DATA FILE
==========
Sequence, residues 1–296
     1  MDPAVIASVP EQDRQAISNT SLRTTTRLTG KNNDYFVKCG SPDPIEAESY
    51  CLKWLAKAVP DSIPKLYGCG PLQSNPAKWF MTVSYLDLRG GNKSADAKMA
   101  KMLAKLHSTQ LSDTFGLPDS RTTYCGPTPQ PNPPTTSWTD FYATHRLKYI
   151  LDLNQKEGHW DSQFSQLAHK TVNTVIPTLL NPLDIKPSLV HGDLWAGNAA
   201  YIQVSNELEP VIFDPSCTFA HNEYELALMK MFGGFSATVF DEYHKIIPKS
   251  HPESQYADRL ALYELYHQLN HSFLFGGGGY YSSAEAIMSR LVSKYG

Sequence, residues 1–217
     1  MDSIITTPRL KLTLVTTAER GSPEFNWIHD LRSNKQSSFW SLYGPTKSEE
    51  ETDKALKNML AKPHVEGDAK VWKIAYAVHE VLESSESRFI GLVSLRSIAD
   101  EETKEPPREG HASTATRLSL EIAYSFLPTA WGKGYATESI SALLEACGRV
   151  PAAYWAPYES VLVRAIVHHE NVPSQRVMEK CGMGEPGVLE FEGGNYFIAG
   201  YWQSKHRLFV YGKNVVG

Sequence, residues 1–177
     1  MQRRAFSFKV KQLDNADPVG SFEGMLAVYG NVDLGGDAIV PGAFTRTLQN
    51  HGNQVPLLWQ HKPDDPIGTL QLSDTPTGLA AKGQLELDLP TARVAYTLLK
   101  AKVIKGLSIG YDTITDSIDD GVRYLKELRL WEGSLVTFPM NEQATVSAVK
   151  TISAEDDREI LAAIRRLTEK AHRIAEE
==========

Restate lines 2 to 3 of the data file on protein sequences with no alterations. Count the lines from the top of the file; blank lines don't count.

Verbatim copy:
     1  MDPAVIASVP EQDRQAISNT SLRTTTRLTG KNNDYFVKCG SPDPIEAESY
    51  CLKWLAKAVP DSIPKLYGCG PLQSNPAKWF MTVSYLDLRG GNKSADAKMA